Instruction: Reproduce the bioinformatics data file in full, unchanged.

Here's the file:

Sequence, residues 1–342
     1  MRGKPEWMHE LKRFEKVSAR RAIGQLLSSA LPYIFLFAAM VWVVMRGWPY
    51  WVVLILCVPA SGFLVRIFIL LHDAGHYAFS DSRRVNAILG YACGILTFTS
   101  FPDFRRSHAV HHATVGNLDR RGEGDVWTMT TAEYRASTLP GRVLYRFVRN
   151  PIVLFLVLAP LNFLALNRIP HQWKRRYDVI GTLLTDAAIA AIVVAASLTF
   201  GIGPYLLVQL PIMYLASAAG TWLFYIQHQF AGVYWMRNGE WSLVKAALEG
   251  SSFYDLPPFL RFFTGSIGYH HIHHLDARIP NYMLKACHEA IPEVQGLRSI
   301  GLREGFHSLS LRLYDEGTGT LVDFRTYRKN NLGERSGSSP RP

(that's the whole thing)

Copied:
Sequence, residues 1–342
     1  MRGKPEWMHE LKRFEKVSAR RAIGQLLSSA LPYIFLFAAM VWVVMRGWPY
    51  WVVLILCVPA SGFLVRIFIL LHDAGHYAFS DSRRVNAILG YACGILTFTS
   101  FPDFRRSHAV HHATVGNLDR RGEGDVWTMT TAEYRASTLP GRVLYRFVRN
   151  PIVLFLVLAP LNFLALNRIP HQWKRRYDVI GTLLTDAAIA AIVVAASLTF
   201  GIGPYLLVQL PIMYLASAAG TWLFYIQHQF AGVYWMRNGE WSLVKAALEG
   251  SSFYDLPPFL RFFTGSIGYH HIHHLDARIP NYMLKACHEA IPEVQGLRSI
   301  GLREGFHSLS LRLYDEGTGT LVDFRTYRKN NLGERSGSSP RP